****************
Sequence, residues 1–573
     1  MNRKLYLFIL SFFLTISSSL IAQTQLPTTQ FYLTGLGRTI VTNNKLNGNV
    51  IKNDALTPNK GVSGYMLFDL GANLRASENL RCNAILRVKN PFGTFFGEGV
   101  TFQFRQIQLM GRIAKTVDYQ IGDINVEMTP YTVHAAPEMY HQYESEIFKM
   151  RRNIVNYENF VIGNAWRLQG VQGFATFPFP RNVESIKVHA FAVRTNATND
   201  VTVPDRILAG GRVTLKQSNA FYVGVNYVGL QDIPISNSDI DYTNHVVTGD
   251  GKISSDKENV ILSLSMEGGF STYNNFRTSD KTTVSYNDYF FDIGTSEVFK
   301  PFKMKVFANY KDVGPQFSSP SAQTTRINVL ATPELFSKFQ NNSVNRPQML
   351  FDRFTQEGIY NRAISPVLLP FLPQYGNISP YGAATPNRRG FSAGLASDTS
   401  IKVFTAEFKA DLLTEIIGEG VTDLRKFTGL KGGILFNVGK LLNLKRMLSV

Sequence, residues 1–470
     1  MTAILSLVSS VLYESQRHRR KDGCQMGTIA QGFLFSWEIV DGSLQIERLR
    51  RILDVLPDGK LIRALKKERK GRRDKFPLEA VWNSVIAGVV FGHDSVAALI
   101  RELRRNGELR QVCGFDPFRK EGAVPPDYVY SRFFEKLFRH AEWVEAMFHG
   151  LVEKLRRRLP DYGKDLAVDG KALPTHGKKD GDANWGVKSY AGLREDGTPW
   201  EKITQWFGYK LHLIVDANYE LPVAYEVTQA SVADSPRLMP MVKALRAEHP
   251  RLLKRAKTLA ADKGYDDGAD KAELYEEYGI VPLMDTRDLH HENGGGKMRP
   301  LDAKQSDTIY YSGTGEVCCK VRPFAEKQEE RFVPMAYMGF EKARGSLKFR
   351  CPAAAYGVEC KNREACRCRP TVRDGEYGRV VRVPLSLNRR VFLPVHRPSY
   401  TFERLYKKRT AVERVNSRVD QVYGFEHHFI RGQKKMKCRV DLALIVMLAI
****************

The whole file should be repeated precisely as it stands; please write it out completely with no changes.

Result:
Sequence, residues 1–573
     1  MNRKLYLFIL SFFLTISSSL IAQTQLPTTQ FYLTGLGRTI VTNNKLNGNV
    51  IKNDALTPNK GVSGYMLFDL GANLRASENL RCNAILRVKN PFGTFFGEGV
   101  TFQFRQIQLM GRIAKTVDYQ IGDINVEMTP YTVHAAPEMY HQYESEIFKM
   151  RRNIVNYENF VIGNAWRLQG VQGFATFPFP RNVESIKVHA FAVRTNATND
   201  VTVPDRILAG GRVTLKQSNA FYVGVNYVGL QDIPISNSDI DYTNHVVTGD
   251  GKISSDKENV ILSLSMEGGF STYNNFRTSD KTTVSYNDYF FDIGTSEVFK
   301  PFKMKVFANY KDVGPQFSSP SAQTTRINVL ATPELFSKFQ NNSVNRPQML
   351  FDRFTQEGIY NRAISPVLLP FLPQYGNISP YGAATPNRRG FSAGLASDTS
   401  IKVFTAEFKA DLLTEIIGEG VTDLRKFTGL KGGILFNVGK LLNLKRMLSV

Sequence, residues 1–470
     1  MTAILSLVSS VLYESQRHRR KDGCQMGTIA QGFLFSWEIV DGSLQIERLR
    51  RILDVLPDGK LIRALKKERK GRRDKFPLEA VWNSVIAGVV FGHDSVAALI
   101  RELRRNGELR QVCGFDPFRK EGAVPPDYVY SRFFEKLFRH AEWVEAMFHG
   151  LVEKLRRRLP DYGKDLAVDG KALPTHGKKD GDANWGVKSY AGLREDGTPW
   201  EKITQWFGYK LHLIVDANYE LPVAYEVTQA SVADSPRLMP MVKALRAEHP
   251  RLLKRAKTLA ADKGYDDGAD KAELYEEYGI VPLMDTRDLH HENGGGKMRP
   301  LDAKQSDTIY YSGTGEVCCK VRPFAEKQEE RFVPMAYMGF EKARGSLKFR
   351  CPAAAYGVEC KNREACRCRP TVRDGEYGRV VRVPLSLNRR VFLPVHRPSY
   401  TFERLYKKRT AVERVNSRVD QVYGFEHHFI RGQKKMKCRV DLALIVMLAI